Page 1: Pacific – Panic Dizzy
Page 2: Panzadrome – Les Passagers du Vent
Page 3: Les Passagers du Vent 2 – Pépé Béquilles
Page 4: The Pepsi Challenge Mad Mix Game – Phantomas Saga: Infinity
Page 5: Phantomas Tales #1: Marsport – Pinball Magic
Page 6: Pinball Power – Pit-Fighter
Page 7: Pix – Plotting
Page 8: Pneumatic Hammers – Postman Pat
Page 9: Postman Pat 2 – Predator 2
Page 10: Prehistorik – Profanation 2: Escape from Abu Simbel
Page 11: Professional BMX Simulator – Pro Tennis Tour
Page 12: Psi-5 Trading Company – Pulsator
Page 13: Pulsoid – Pyra Mydya
Page 14: Python – Python Pete
Screenshot of Pix


(EgoTrip, 2013)

Reviewed by Missas

This is a Picross puzzle-solving game in which the player needs to fill nonograms which consist of a grid, with numbers on the sides of the grid detailing how many squares need to be filled in that row or column. The graphics are basic with only four colours used, and the sound is just a beep. The grab factor depends on whether you love or hate this style of game. Before playing it, you need to consider only one thing: do you like solving Picross puzzles? If your answer is yes, load the game and you will enjoy it. If your answer is no, read this review and try the game at least once!

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Screenshot of Planetfall


(Infocom, 1986)

You’re a lowly Ensign Seventh Class on board the Stellar Patrol Ship Feinstein, when the ship is torn apart by an explosion. You escape to a nearby planet, and end up in a deserted complex. As you explore your surroundings, you eventually learn that all its inhabitants died from a nasty disease – and now you’re infected as well, and must find a way of curing it. This is a thoroughly engrossing text adventure, which features the adorable robot Floyd, who becomes your companion through much of the game. The constant need to obtain food can be a bit irritating, and you’ll need a lot of access cards to explore several areas of the complex, but the scenario is fascinating and the game is suitable for inexperienced adventurers.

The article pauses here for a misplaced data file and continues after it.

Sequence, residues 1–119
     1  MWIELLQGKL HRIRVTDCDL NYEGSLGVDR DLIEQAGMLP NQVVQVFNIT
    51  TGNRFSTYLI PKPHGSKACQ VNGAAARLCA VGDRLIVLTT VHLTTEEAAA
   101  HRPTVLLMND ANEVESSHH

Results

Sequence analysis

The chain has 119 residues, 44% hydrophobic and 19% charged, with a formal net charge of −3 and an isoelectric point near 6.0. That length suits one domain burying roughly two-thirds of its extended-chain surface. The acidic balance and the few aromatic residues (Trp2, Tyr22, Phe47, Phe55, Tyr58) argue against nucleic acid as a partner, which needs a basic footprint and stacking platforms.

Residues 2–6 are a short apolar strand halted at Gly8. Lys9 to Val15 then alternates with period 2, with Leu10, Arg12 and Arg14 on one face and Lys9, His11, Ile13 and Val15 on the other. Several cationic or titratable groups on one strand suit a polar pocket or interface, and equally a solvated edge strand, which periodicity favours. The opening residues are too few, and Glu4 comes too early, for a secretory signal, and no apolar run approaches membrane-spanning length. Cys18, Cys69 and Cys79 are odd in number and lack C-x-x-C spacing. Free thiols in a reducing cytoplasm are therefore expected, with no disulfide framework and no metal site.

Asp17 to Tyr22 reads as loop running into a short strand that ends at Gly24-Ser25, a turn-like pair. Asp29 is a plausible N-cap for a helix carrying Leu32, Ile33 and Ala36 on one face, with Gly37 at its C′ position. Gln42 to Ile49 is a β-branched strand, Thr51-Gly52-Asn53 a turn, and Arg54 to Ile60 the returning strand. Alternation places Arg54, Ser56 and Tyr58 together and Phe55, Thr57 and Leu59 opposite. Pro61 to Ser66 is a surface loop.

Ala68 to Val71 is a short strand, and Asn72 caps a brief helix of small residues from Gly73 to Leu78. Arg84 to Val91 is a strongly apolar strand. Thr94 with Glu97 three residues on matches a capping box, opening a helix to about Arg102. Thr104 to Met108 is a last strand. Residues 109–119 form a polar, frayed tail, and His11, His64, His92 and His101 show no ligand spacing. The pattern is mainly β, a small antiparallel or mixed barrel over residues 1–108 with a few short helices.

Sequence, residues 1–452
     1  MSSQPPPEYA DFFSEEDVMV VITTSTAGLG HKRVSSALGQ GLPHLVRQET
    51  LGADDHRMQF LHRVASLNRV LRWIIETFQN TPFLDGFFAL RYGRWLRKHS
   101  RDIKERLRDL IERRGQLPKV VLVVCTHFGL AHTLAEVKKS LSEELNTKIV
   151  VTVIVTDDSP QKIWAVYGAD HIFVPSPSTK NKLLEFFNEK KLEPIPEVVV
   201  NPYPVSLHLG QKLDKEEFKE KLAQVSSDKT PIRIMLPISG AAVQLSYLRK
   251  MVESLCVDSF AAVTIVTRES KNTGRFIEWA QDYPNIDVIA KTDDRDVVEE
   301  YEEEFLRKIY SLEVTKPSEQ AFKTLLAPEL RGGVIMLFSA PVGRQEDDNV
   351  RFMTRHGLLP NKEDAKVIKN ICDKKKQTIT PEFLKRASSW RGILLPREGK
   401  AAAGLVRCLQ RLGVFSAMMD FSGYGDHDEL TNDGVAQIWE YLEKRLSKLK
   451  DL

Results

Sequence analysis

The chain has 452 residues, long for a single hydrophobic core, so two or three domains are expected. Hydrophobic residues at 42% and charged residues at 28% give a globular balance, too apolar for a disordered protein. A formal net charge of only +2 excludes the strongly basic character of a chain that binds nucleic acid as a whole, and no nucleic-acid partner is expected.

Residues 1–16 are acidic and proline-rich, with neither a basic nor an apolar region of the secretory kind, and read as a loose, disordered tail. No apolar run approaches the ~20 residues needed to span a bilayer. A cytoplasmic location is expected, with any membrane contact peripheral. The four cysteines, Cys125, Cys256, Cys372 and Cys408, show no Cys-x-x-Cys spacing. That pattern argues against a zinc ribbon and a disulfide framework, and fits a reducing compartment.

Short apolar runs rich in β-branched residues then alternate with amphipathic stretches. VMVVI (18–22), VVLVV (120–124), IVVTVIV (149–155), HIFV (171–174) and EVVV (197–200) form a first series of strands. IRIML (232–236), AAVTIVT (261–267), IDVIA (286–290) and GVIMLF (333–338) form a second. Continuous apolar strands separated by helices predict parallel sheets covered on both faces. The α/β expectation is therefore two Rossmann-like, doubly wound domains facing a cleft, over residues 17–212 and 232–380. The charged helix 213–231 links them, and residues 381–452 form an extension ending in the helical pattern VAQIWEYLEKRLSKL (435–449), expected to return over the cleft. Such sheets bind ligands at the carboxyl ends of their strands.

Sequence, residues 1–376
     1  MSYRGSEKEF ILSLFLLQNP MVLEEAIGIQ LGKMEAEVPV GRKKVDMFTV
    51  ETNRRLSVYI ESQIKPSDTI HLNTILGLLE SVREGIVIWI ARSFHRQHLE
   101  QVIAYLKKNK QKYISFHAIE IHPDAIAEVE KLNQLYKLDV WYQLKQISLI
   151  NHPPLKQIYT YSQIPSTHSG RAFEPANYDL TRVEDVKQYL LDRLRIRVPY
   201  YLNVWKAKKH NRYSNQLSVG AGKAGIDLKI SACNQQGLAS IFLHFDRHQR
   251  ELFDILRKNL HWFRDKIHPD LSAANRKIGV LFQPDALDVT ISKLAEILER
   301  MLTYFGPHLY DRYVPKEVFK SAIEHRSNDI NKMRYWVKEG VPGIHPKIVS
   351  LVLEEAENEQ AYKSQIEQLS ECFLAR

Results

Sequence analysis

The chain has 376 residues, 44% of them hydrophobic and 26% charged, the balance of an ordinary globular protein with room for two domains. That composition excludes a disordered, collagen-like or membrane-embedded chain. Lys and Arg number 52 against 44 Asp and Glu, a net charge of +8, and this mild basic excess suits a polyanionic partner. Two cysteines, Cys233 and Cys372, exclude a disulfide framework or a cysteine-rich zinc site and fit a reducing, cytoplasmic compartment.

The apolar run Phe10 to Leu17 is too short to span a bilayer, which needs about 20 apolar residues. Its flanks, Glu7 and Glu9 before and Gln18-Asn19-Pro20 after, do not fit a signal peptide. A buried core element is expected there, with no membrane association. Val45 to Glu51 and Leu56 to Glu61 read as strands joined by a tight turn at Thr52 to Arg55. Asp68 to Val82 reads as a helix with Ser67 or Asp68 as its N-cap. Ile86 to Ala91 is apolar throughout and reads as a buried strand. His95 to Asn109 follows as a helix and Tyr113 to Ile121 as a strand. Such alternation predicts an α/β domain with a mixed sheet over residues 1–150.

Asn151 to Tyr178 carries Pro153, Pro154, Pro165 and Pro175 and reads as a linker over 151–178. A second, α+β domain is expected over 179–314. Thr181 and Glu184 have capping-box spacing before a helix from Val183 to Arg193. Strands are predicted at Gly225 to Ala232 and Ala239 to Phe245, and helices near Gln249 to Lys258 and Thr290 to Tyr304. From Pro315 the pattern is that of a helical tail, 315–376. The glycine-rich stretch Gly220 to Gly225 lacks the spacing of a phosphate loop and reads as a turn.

See also: Stationfall.

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Screenshot of Planet of Death

Planet of Death

(Paxman Promotions, 1985)

You are stranded on an alien planet, and you must locate your spaceship, which has been captured and disabled. Also known as Adventure ‘A’, this is the first in a series of eight text adventures that were originally released for the ZX81 and ZX Spectrum between 1981 and 1985. The fact that it made its debut on the ZX81 gives you a large hint that it’s extremely basic and unsophisticated. The plot is unoriginal, there are few locations, the parser is very limited, and there aren’t many puzzles to solve. Even the text is displayed entirely in capital letters and without apostrophes – a throwback to the ZX81’s very limited character set. It feels like a type-in listing from a magazine, and I can’t understand why anyone considered it a good idea to convert it to the CPC.

See also: Inca Curse.

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Screenshot of Plasmatron


(CRL, 1988)

A colony that was established on the planet of Laughton 2 now lies deserted, and it has since been occupied by alien forces. You are Captain Ford, a space pilot who has been sent to the former colony to see what has happened, and to shoot the aliens. It’s a horizontally scrolling space shoot-’em-up, and my goodness, it is bad! There is only one level, and no power-ups whatsoever to collect. But the worst aspect of the game is the amount of flickering that occurs; I don’t think I have seen a game with such horrible flickering. The scrolling is very slow as well. It’s a badly programmed game and there’s nothing to recommend about it.

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Screenshot of Platformer Medley Block #1

Platformer Medley Block #1

(The Mojon Twins, 2009)

Mari Stormbringer is a bored supermarket cashier. She grabs a packet of n&n sweets, not realising that they are contaminated, and she is transported to another world. Can you help her return to the real world? Behind the surreal story is a cute and very colourful, albeit rather linear, platform game. You start the game with 20 lives, but you will need all of them, as it’s a rather difficult game. The graphics are bright and cheerful, and background images are used on each screen to great effect, and it will take you many attempts to reach the final screen.